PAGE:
Wednesday, 10 May 2017

A Discarded Life by Alexander Masters

Reviewer: Barbara Scott Emmett (http://barbarascottemmett.blogspot.co.uk/) author of Delirium: The Rimbaud Delusion, The Man with the Horn, The Land Beyond Goodbye, and Don’t Look Down.

What We Thought: I have read several excellent books since I've been reviewing for Netgalley and to be honest when I chose this one I thought it was a novel. It isn't. It's quite unlike anything else and must occupy a category of its own.

Some years ago several boxes of diaries were found in a skip in Cambridge by friends of the writer Alexander Masters. After a another few years he ended up as custodian of the unknown diarist's work. He ignored them for a while but on eventually dipping into them, became intrigued. Who is this unnamed person? Why were the diaries thrown out? Who is the oft-mentioned E?

In a manner befitting a detective novel Masters begins his investigation. Picking up the odd clue in the writing, he discovers where the writer lived, details of work done and schools attended and passions felt. He does not at first read the diaries in date order but gathers information sometimes from the early years - the fifties - and sometimes from the later ones.

Assuming the writer must be dead - or why would the books have been in a skip? - he pursues his mysterious quarry from Cambridge to London to the Wirral and back again.

The diarist is an artist - a painter, a pianist, a writer; great symphonies will be composed, novels will be published, the world will one day know this person. There is passion for life - and an inability to do anything other than write about it. The diaries move from teenage fantasies full of sketches, to adult depression; from a head-in-the-clouds inability to concentrate on mundane work, to an obsession with television personalities.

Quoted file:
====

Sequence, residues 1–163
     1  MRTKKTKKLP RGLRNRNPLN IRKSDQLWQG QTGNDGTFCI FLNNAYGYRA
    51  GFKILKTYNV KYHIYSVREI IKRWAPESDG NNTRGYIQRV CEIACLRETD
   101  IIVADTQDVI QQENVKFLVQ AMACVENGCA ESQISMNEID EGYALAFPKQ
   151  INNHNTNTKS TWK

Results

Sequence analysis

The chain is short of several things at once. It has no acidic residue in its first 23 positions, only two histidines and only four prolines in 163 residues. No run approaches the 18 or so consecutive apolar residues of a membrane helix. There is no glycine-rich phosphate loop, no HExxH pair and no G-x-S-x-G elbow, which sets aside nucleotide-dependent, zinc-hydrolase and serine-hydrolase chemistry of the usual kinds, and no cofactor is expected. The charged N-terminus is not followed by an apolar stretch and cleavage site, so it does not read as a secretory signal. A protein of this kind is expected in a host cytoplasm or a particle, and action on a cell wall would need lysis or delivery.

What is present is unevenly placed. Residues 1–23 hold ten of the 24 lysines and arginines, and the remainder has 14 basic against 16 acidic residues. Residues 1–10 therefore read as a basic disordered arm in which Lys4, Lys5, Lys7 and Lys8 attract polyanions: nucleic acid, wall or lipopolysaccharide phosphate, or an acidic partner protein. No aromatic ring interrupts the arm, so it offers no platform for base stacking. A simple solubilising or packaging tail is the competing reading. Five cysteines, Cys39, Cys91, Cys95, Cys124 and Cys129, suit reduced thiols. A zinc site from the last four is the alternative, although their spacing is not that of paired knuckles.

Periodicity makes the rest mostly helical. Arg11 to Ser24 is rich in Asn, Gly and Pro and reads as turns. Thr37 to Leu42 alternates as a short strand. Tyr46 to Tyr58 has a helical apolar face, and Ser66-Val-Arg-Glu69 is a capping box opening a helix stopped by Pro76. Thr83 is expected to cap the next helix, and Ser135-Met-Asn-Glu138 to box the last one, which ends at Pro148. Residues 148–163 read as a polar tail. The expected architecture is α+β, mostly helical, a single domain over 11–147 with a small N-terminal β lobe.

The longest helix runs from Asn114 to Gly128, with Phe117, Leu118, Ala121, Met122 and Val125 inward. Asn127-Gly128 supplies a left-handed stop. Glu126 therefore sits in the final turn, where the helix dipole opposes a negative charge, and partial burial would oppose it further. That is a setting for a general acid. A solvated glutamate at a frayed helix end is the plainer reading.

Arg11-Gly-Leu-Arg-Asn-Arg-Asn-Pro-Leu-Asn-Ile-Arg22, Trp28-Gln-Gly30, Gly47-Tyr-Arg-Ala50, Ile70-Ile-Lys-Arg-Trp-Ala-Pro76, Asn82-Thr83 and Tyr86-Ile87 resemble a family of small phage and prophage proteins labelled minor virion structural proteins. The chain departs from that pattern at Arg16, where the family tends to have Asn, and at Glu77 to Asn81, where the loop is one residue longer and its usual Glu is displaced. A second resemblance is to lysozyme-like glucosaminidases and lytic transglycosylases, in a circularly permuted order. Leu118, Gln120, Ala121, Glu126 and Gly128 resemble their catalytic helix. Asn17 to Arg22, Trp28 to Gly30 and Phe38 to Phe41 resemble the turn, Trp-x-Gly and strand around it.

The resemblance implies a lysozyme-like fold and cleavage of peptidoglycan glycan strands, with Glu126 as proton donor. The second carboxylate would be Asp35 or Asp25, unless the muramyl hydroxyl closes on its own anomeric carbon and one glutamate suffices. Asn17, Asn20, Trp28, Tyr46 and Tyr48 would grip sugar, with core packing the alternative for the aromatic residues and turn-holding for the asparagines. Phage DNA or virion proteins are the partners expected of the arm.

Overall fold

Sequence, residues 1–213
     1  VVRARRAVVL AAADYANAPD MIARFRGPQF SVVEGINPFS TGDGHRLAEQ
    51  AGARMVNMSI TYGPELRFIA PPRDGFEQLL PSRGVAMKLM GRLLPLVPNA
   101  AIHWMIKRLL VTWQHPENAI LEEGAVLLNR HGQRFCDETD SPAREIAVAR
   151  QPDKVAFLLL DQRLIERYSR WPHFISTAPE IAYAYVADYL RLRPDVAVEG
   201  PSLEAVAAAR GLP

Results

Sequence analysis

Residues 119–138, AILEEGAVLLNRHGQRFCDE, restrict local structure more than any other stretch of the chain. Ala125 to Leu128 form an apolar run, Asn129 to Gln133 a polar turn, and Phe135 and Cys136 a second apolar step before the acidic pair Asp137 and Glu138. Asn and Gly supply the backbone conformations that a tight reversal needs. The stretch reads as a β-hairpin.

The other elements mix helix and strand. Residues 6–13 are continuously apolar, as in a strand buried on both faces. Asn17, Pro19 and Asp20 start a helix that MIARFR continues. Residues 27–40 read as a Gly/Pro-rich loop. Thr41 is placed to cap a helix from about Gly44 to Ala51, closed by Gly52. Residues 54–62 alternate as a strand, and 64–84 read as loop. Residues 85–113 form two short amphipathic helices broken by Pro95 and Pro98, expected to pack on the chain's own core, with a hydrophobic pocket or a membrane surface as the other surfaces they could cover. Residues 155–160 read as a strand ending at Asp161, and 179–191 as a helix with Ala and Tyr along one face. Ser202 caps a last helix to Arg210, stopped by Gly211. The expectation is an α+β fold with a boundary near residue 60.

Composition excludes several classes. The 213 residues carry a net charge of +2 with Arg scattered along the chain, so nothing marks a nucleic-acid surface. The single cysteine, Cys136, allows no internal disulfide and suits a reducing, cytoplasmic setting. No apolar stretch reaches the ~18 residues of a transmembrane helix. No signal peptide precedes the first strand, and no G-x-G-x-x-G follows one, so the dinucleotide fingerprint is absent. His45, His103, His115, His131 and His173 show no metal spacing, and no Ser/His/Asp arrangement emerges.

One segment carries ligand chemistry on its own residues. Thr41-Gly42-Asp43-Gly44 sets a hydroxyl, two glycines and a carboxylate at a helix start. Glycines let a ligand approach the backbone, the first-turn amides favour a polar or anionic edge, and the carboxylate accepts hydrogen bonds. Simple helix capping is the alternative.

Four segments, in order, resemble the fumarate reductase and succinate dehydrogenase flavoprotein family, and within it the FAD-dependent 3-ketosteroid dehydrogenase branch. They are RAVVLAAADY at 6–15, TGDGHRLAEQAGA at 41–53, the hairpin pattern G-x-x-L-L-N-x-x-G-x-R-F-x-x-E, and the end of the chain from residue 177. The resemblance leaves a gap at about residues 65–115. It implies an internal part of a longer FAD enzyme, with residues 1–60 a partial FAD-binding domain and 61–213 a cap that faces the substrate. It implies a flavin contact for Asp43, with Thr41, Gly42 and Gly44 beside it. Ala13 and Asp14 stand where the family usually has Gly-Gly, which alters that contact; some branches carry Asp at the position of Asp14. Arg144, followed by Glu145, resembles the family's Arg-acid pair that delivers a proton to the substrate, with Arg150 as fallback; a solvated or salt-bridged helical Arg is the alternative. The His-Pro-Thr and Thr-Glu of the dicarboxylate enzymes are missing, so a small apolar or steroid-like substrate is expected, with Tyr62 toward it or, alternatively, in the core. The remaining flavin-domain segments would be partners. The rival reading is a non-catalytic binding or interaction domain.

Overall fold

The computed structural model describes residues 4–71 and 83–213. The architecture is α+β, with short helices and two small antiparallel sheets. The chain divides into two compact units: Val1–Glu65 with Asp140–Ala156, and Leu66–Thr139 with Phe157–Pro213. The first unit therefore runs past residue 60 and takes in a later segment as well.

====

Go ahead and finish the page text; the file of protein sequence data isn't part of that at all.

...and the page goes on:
The writer is spiteful, hateful, loving, vulnerable, weak, full of grandiose ideas and ultimately ineffectual. There is hunger for acceptance and the refusal to act in an acceptable manner. An odd attraction to elderly women reveals itself.

This is an amazing book. It has the grip of a detective novel combined with the fascination of a biography. Covering over fifty years, it allows us to see into the mind of another person - to see all the grand schemes and petty annoyances, to gain insight to the private thoughts and private language of another human being in way I have never before encountered. Most published diarists write from the start with an eye on publication. This one did not.

Masters has a warm and human style. He both likes and dislikes the subject of his 'biography' and tells the tale with humour and self-deprecation. All life is here - ordinary life - a life discarded in a skip.

You’ll enjoy this if you like: The Lady in the Van

Avoid if you dislike:
Warts and all investigations of another person’s private life.

Ideal accompaniments: A very open mind.

Genre: Biography / Diary

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